Hollywood movie and television writers went on strike on Tuesday, ending 15 years of labor peace in the industry and bringing many productions to a standstill.
But why exactly are the Hollywood writers going on strike and which shows have been impacted? Read on to find out…
Why are Hollywood writers going on strike?
The writers are going on strike in a dispute over fair pay. The Writers Guild of America (WGA) called on their members to head to the picket lines after failing to reach a new contract deal with the studios before the writers' current deal expired on Monday night.
"The companies' behavior has created a gig economy inside a union workforce, and their immovable stance in this negotiation has betrayed a commitment to further devaluing the profession of writing," the WGA said in a statement. "No such deal could ever be contemplated by this membership."
The Alliance of Motion Picture and Television Producers (AMPTP), which bargains on behalf of Hollywood companies including NBC Universal, Paramount, Sony, Netflix, Amazon, Apple and Disney, said it offered "generous increases in compensation for writers as well as improvements in streaming residuals."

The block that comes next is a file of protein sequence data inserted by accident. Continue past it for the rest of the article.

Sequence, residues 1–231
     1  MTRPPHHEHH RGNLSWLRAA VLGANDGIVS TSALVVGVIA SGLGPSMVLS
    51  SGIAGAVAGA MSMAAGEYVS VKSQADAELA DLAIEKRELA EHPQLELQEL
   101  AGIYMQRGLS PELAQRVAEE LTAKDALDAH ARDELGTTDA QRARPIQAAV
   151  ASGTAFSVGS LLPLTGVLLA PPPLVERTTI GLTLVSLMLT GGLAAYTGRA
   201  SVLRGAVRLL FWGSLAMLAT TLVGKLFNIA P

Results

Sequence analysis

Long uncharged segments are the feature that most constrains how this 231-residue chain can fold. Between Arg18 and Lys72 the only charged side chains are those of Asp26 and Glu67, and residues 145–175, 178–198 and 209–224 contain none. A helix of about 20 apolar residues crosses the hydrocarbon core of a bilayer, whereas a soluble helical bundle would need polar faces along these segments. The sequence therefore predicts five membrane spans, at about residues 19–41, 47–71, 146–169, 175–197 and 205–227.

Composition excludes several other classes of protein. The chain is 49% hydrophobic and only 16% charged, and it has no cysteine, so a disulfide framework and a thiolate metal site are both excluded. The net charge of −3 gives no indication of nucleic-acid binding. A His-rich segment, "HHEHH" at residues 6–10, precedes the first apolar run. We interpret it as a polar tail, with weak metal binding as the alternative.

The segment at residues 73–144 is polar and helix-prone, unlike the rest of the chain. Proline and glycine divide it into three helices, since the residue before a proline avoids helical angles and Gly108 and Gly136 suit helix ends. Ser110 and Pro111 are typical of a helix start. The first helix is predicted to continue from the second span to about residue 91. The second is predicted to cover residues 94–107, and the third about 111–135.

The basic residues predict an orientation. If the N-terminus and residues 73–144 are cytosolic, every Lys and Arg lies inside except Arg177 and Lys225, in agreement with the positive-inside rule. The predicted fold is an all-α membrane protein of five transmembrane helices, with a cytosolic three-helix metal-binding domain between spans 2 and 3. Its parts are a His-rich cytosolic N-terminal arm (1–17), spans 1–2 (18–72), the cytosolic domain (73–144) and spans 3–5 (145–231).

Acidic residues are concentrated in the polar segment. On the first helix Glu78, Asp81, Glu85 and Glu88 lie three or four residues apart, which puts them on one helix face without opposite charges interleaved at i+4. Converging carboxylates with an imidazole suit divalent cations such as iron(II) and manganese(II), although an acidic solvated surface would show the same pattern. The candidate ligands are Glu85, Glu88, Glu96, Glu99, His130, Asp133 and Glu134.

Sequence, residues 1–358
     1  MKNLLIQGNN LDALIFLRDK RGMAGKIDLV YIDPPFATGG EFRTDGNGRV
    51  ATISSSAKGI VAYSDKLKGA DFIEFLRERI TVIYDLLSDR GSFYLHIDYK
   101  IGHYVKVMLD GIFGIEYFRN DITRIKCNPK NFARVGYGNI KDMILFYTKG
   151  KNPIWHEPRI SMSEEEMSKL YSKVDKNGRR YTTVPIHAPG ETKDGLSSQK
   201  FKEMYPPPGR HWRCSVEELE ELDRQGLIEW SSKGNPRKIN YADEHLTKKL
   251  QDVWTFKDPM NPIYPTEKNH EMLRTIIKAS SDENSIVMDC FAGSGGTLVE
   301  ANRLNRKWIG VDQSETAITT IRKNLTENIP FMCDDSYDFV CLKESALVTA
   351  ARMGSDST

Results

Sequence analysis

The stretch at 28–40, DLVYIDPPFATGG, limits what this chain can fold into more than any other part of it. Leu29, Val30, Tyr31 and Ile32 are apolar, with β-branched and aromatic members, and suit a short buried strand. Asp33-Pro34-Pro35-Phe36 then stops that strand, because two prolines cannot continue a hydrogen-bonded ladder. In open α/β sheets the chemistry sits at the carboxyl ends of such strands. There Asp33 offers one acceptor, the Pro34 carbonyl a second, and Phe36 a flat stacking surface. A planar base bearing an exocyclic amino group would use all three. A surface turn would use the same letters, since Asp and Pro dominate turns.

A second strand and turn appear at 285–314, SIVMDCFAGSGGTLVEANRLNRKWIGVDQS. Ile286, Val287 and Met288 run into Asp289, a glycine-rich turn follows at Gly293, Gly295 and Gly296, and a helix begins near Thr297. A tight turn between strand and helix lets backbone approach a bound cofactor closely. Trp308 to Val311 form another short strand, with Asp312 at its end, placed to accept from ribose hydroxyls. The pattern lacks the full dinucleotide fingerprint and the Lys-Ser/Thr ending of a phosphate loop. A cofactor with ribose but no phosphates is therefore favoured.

Which shows will be affected by the strike?
The guild told its members that all script writing is to cease at once, which means writing work will immediately halt for movies, television and streaming.
The late-night shows will feel the instant effects of the strike, with Saturday Night Live, The Tonight Show Starring Jimmy Fallon, Jimmy Kimmel Live!, Late Night with Seth Meyers, and The Late Show With Stephen Colbert, among those expected to go dark.
It would take a long strike before the release of new TV shows and movies is slowed down.
Seth Myers, the host of NBC's Late Night, addressed the strike during a web-only segment of his show last week. "It doesn't just affect the writers," he said. "It affects all the incredible nonwriting staff on these shows. And it would really be a miserable thing for people to have to go through, especially considering we’re on the heels of that awful pandemic."
He went on to say that he is a proud member of the WGA and that what the writers were asking for was "not unreasonable".
"If you don't see me here next week, know that it is something that is not done lightly, and that I will be heartbroken to miss you as well," he added.
Not only will the walkout, which could last for several weeks or months, halt various TV and film productions across the country, but will also mean temporary job losses for crew members.
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